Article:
Good Fats and Bad Fats
Ever wonder what makes some fats good and others bad? The fact is: we all need fats, because fats help nutrient absorption, nerve transmission, to mention a few. Fats are not created equal. Some fats promote our health positively while others increase our risks of heart disease. The key is to replace bad fats with good fats in our diet.
Monounsaturated Fats lower total cholesterol and LDL or bad cholesterol while increasing HDL or the good cholesterol. Nuts including peanuts, walnuts, almonds and pistachios, avocado, canola and olive oil are great monounsaturated fats. They also have been found to help in weight loss, particularly body fat.
Polyunsaturated fats also lower total cholesterol and LDL cholesterol. Seafood like salmon and fish oil, as well as corn, soy, safflower and sunflower oils are high in polyunsaturated fats. Omega 3 fatty acids belong to this group.
Saturated fats raise total blood cholesterol as well as LDL cholesterol or the bad cholesterol. Saturated fats are mainly found in animal products such as meat, dairy, eggs and seafood.
Some plant foods are also high in saturated fats such as coconut oil, palm oil and palm kernel oil.
Trans fats were invented as scientists began to “hydrogenate” liquid oils so that they could withstand better in food production process and provide a better shelf life.
As a result of hydrogenation, trans fatty acids are formed. Trans fatty acids are found in many commercially packaged foods, commercially fried food such as french fries from some fast food chains, other packaged snacks such as microwaveable popcorn as well as in vegetable shortening and hard stick margarine.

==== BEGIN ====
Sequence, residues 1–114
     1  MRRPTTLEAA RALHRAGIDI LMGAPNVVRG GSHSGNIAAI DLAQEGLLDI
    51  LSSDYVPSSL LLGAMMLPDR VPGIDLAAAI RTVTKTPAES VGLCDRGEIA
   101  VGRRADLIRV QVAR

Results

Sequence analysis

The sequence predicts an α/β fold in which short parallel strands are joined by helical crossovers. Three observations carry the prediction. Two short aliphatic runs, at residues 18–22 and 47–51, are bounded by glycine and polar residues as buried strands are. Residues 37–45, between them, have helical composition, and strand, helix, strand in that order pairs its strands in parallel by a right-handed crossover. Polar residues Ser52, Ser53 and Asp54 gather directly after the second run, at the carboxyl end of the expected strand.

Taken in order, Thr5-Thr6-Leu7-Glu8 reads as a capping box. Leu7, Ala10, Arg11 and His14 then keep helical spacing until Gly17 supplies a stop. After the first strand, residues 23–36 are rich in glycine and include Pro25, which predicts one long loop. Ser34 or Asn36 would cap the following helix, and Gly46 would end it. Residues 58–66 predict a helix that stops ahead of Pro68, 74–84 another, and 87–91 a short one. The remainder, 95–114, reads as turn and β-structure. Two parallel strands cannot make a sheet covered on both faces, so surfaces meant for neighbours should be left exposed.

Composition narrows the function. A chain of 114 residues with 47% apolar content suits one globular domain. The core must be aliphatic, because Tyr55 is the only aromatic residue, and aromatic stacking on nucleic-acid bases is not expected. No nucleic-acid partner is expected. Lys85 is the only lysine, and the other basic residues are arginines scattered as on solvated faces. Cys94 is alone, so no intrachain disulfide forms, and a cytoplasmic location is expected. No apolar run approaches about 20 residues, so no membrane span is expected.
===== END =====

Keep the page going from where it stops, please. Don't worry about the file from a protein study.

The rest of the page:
Good fats in the winter time can help insulate the body and boost immunity.
Butter, along with unrefined virgin coconut oil, is a medium chain fatty acid, compared to long chain fatty acids such as corn, soy, safflower, canola and margarine.
So, what’s the difference? The longer the chain, the harder it is to break down the fat into energy.
Also, because butter is a shorter chain, it can withstand heat better, making it the best oil to cook with. Long chain fatty acids break down and oxidize quickly when exposed to heat. Coconut oil, specifically, has a secret weapon called lauric acid, which is a rare and natural antimicrobial fatty acid. Studies have shown that the lauric acid in coconut oil may: Protect you from viruses, help lower cholesterol, kill or disable viruses, bacteria or pathogens, boost immunity, increase absorption of Vitamins A, D, E and K, provide easily available energy for the body,
support cognitive function in Alzheimer’s, support natural weight loss,
So what can we do?
Avoid using cooking oils that are high in saturated fats and/or trans fats such as palm oil or vegetable shortening. Instead, use oils that are low in saturated fats and high in monounsaturated and polyunsaturated fats such as canola oil, olive oil..
Minimize using commercially packaged foods which are high in trans fats. Always read labels to look for trans-fat free alternatives.
As saturated fats are found in animals products, use lower-fat version dairy such as 1% or skim milk instead of whole milk. Trim visible fats and skins from meat products.
So remember to increase your intake of these good fats in the winter time to help insulate the body, rebuild the liver, and boost immunity!